The mission briefings are simply fantastic. There are two components to the mission briefings. The first are the Flightsim Flying Notes which are contained at the end of the associated chapter of the novel. The Notes offer an overview of the mission setup, suggests aircraft operational pointers, and explains FSX quirks that might need to be considered. Once you’ve read the Notes, you can proceed to FSX and open the mission where you’ll be provided a very detailed and well written briefing.
The mission briefings will contain a wealth of details and they must be read and understood prior to embarking on the mission. Information includes an estimated completion time, aircraft type, and objectives. Radio frequencies (both COM and NAV), courses, and various suggestions are included in the briefings. Some of the briefing components are required to be followed or you risk failing the mission, which means you’ll have to fly it again. I had good success with flying many of the missions just once, but there were a couple, and one in particular that were difficult enough that it required a second or third go at it…and not due to a mission design flaw, but simply because I wasn’t flying good enough! The maps included with the briefings are exceptionally well done. There are a couple of typos in the briefings, but again, they are inconsequential in the bigger picture.
The briefings are available during the mission by consulting your kneeboard if you need a refresher (you will). Mission objectives are also listed on the kneeboard and are ticked off as you meet each requirement. Missions include the aforementioned custom scenery and objects, both moving and static. Radio messages, warnings, and other sounds play throughout the missions and close attention must be paid to their content. I had some difficulty with some of the accents in the exchanges, as would be expected in real life. If you are in a real pinch you can open up the mission directory and replay the audio files if you happen to miss one. I can’t stress enough how well the missions play through – they are the perfect mix of attainability and challenge. As well, the diversity of the missions is a ton of fun. I found myself revisiting aircraft I had not flown in years – challenging both my memory and my ability to complete the missions according to the requirements. Some of the missions are no cake walk either, requiring precise navigation (including IFR flying) and skill to complete.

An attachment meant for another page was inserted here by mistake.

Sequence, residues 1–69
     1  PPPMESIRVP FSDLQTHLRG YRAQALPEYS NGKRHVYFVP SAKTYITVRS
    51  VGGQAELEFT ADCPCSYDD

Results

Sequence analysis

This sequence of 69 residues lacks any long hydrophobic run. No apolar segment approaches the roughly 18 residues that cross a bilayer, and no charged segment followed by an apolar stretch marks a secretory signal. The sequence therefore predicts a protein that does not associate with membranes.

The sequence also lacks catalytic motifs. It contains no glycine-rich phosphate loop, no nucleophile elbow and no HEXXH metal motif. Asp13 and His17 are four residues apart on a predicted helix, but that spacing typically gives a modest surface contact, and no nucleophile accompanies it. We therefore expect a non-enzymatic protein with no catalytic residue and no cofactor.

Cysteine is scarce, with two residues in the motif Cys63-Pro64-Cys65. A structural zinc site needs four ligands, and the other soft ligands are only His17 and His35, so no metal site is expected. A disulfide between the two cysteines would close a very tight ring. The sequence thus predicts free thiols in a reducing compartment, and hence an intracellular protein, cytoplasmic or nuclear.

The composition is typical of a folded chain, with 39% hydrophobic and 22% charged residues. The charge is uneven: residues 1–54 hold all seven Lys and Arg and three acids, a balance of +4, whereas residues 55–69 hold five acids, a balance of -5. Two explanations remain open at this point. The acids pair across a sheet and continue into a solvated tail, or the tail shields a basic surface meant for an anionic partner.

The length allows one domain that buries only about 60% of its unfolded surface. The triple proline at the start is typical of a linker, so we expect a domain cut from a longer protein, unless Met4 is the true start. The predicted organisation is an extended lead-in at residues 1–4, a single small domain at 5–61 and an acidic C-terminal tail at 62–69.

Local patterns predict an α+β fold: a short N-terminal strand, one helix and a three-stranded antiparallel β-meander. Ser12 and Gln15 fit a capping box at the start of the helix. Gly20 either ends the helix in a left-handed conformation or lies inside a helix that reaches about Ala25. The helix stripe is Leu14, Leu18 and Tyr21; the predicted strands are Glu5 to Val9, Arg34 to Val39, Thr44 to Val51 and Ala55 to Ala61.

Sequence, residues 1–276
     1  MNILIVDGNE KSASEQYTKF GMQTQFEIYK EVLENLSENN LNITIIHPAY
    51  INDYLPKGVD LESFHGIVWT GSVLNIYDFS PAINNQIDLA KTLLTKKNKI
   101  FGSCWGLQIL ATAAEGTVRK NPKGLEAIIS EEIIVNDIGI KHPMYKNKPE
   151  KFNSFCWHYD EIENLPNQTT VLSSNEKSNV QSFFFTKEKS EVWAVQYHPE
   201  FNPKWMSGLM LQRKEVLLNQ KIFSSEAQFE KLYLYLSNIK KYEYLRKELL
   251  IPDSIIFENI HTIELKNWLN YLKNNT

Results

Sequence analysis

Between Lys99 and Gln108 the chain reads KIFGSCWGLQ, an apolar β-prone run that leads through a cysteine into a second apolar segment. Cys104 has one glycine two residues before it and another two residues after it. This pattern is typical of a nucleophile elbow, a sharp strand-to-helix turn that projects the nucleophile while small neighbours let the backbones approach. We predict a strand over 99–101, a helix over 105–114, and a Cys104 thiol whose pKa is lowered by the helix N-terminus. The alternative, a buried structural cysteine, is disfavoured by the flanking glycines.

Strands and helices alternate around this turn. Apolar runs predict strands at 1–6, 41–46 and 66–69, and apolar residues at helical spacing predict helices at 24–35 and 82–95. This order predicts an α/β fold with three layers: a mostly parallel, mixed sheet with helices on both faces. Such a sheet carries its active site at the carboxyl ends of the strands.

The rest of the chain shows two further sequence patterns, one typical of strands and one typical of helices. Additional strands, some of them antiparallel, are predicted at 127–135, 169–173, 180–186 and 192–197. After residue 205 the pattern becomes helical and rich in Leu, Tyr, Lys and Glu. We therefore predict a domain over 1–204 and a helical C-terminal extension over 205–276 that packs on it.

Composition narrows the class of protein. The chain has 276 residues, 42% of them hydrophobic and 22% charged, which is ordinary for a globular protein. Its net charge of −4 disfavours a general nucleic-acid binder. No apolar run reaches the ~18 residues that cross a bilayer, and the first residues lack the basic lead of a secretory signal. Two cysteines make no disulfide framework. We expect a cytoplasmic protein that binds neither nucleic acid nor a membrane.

There were some unique elements to the missions that I had not seen before (the ability to use binoculars) and each mission success was met with relief and a distinct release of tension from my shoulders. Each mission end blends into the start of the next segment of the novel, providing clear continuity. You will also notice this continuity within the mission environments – but I’ll leave it at that. One final note on the missions is that they use both the weather and lighting of FSX to maximum effect – particularly when blended with the stunning Swiss landscape rolling by.
I’m officially jealous. Will Kotheimer has created exactly the kind of content I’ve both been a proponent for, and that I’ve personally wanted to create for decades. I’ve long argued that our base sims are good enough (FSX, P3D, X-Plane, DCS) and that it is the playability that is most important in gaining and retaining our user base. Yes, there are plenty of us that can simply develop a flightplan and entertain ourselves with a basic flight, but giving purpose to flying, whether through utilities such as Air Hauler or FS Economy, or a good story, is an essential component of our simming that often gets overlooked in favor of the shiny new features of the most recent sim release or update. The author of Pilate’s Ghost has provided us with an entertaining novel and a unique blend of story and sim action that scratches a specific itch. I hope to see more from esci Flightsim Publications in the near future.
Chris “BeachAV8R” Frishmuth